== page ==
Glacier Monitoring From In-Situ and Remotely Sensed Observations



Session ID#: 47217

Session Description:
Glaciers and their changes provide valuable information related to climate, and can be important for water resources and potential hazards to humans. Understanding glacial processes is key to assessing the sensitivity of glacier systems to changing climate. Large scale assessments of glacier health hinge on comprehensive glacier inventories. Glaciers are monitored on different spatio-temporal scales, from extensive seasonal mass balance studies at selected glaciers to multi-decadal repeat inventories over entire mountain ranges or larger regions. Internationally coordinated glacier monitoring aims at combining in-situ measurement with remotely sensed data, and local process understanding with global coverage. Bringing together studies from the tropics to polar regions as well as from different disciplines, this session includes presentations on both in-situ and remotely sensed monitoring of glaciers, and related uncertainty assessments.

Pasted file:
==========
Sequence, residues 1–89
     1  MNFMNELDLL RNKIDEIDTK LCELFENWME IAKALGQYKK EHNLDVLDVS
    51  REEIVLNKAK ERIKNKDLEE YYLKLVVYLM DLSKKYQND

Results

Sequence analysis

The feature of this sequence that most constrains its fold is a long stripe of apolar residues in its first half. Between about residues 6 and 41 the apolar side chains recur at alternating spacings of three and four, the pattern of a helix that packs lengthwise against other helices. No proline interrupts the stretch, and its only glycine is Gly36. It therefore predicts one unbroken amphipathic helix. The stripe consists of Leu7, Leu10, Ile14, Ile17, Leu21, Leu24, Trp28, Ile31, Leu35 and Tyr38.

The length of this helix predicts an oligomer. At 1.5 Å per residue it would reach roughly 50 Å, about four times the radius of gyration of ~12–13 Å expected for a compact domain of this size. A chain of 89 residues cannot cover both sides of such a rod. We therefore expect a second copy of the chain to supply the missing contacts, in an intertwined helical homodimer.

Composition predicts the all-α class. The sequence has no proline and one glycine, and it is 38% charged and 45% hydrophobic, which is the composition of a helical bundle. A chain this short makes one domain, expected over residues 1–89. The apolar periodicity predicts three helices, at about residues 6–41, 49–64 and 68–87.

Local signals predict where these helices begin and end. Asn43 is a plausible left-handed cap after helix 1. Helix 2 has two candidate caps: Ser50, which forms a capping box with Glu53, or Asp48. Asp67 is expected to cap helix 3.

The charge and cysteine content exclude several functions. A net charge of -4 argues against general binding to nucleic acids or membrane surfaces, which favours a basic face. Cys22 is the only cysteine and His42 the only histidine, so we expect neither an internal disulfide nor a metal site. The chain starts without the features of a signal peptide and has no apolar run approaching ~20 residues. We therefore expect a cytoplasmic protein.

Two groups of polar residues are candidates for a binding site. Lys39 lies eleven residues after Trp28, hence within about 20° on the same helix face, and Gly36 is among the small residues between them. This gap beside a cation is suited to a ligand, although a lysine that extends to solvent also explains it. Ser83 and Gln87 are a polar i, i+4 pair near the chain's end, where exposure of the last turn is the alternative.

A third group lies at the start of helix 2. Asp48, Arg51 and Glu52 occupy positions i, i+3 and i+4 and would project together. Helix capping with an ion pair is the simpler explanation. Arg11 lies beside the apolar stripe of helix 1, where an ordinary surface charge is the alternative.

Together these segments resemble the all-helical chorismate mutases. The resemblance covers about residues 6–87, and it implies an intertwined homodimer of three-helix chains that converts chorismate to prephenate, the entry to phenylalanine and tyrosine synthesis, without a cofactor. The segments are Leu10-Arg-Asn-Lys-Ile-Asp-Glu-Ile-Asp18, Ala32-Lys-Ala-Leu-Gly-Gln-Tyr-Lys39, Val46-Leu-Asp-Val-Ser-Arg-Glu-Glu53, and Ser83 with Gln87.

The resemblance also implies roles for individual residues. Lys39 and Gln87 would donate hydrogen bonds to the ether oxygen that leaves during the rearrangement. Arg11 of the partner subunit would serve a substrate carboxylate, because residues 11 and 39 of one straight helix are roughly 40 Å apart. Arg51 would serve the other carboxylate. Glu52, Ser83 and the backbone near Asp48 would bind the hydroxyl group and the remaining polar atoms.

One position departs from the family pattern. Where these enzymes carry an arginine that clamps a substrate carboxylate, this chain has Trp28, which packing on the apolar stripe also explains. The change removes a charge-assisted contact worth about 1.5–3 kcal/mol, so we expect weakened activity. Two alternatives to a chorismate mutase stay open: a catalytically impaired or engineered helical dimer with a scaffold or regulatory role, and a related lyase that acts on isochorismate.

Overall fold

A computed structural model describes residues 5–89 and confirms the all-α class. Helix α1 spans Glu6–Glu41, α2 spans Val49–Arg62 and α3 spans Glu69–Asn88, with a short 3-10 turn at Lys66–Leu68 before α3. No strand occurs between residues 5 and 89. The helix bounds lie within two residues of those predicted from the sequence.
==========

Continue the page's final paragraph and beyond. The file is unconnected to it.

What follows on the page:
Primary Conveners:  Bruce H Raup, University of Colorado at Boulder, Boulder, CO, United States
Conveners:  Richard L Armstrong, Univ Colorado, Boulder, CO, United States and Jeffrey S Kargel, Planetary Science Institute Tucson, Tucson, AZ, United States
Primary Liaisons:  Bruce H Raup, University of Colorado at Boulder, Boulder, CO, United States
Index Terms:

0720 Glaciers [CRYOSPHERE]
0722 Rock glaciers [CRYOSPHERE]
0758 Remote sensing [CRYOSPHERE]
0762 Mass balance [CRYOSPHERE]

See more of: Cryosphere